Toorak Uniting Church

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Living the New Creation

Psalm 80: 7 – 15   Philippians 3: 14 – 21
Rev. Dr Christopher Page
2 October 2011

Introduction:
It was Julia Cameron the American author who said, "Creativity, like human life itself, begins in darkness." Julia Cameron wrote a book some years ago called the Artist’s Way, in which she encourages people to write three pages of free flowing verse/prose each day, as a way of activating their creativity. She is also famous because see was once married to Martin Scorsese, the film director.
I have from time to time followed her advice and it is helpful to sort of listen to one’s inner voice and pay attention to that stream of consciousness that emerges during those times of writing. And I think she is right that the source of creativity is found in the dark places; it is found in the stillness and quietness of the inner life. Of course that inner world is not always that quiet. There can be a lot of competing voices within us, pulling us this way, or that way in many different directions. But when we do still our inner world, there can be a real burst of creativity and new life coming up from within us.

The New Creation Comes from Within
For the last few years I have found it very helpful to think of my/our inner spiritual life as expressed in two ways. So within me I have a sense of both the Soul and also a sense of the Spirit. Now these are metaphors or ways of framing our thoughts about our spiritual life. There is not a literal place in me or you where your soul exists. No twenty-one grams of weight that leaves your body when you die. No! It’s better to understand this idea by talking about, say a "soulful life," which means a grounded or deeper life or a life that has been touched and formed by sadness.

The soul is that place where we do our deep and inner work. The psychologist Carl Jung said in his book Modern Man in Search of a Soul, that

The great decisions of human life have as a rule far more to do with the instincts, [the soul] and other mysterious unconscious factors than with conscious will and well-meaning reasonableness.

I see this reflected in the words of the Psalms:

"I praise you because I am fearfully and wonderfully made…you created my inmost being; you knit me together in my mother's womb…Surely you desire truth in the inner parts; you teach me wisdom in the inmost place"

That’s the place of the soul; that’s soulfulness; birth in the midst of darkness. If you want a practical example of "soulful creativity" you can’t go past the activity of gardening. You have all the components of a deeply creative and soulful life, when you are elbow deep in the soil.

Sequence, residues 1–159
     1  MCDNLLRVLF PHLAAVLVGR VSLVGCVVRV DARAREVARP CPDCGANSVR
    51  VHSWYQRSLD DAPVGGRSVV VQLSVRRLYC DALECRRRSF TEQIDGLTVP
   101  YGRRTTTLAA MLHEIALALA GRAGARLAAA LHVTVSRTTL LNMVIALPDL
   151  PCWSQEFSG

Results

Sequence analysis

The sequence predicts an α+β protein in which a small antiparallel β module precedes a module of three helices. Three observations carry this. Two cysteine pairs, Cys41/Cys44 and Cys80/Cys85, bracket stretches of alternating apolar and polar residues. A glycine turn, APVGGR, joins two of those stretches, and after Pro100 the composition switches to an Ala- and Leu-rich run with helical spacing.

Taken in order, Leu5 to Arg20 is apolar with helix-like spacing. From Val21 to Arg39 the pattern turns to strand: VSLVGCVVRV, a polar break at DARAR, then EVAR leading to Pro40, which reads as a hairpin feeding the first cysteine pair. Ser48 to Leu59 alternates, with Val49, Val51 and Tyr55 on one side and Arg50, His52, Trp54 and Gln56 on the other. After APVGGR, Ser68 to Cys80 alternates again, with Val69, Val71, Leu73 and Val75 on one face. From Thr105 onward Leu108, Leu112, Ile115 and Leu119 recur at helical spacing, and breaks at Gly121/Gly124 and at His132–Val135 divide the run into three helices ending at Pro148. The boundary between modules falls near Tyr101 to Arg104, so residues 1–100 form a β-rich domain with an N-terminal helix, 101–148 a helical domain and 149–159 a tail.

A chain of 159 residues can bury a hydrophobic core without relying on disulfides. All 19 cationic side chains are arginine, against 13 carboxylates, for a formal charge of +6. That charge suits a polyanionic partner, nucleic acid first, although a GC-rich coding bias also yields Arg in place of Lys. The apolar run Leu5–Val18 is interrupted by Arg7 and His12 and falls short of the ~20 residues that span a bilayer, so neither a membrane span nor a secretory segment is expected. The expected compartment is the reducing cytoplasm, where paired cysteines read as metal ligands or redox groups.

Composting
Digging in the dirt
Planting and nurturing and nourishing
Patience in watching the plant grow (out of darkness)
And then after the soul has done its work:
Harvesting the fruit
Collecting the seeds
Eating the produce

I think there is not better analogy of the spiritual life than gardening because it begins in darkness in the earthiness of life. Or as someone once said, "If you want to be a saint, don’t get too far from the earth!"

It doesn’t take much to see the parallel with the Christian life that creativity new life, new possibilities and new creations begin when he are broken open, not when we are broken down but when we are brought in touch with the earth. I may not like it! And I may wish it wasn’t so, but life tells every day that that’s the way it is.

The theologian Matthew Fox says that "when your heart breaks, the universe can pour through". When we are broken open that allows new life to flow forth through us and within us. "Unless a seed falls into the ground and dies, it cannot burst forth into new life."

The New Creation is Spirit-Work
But the creative spiritual life is not only soul-work; it’s not only darkness; it’s not only being bruised and battered. It also has to do with the spirit, with that bird like part of our being and the being of God. That part of us that can soar and can rise above the mundane and even the ordinary.
The spirit in creativity is seen when I/we come alive; when life blossoms; when there is a lightness of being. Let’s be clear, first comes the toil, the discipline, the turn of the soil; but then follows the fruit, the blossom, and the life-filled moment. It starts with:

Inspiration –the idea, the thought, so how buried in darkness then Perspiration – the work, the discipline the preparation, and finally that which is produced, the result, the fruit of one’s labours.

In think it is interesting that the Psalms can give us some inspiration here. Often we don’t realize that the Psalms are in fact poems. We can read them as if they are moral directives or Christian imperatives and that get us in to some interpretative trouble. No, they are deep soulful reflections on life and God. You can group them into several categories. I’d suggest that they can also follow this sense of soul and spirit. There are some very, very dark Psalms where the writer explores aloneness, abandonment, the hiddenness of the divine. The psalmist has written about his humiliation, he feeling of being brought to the ground. "Do not take your spirit from me…"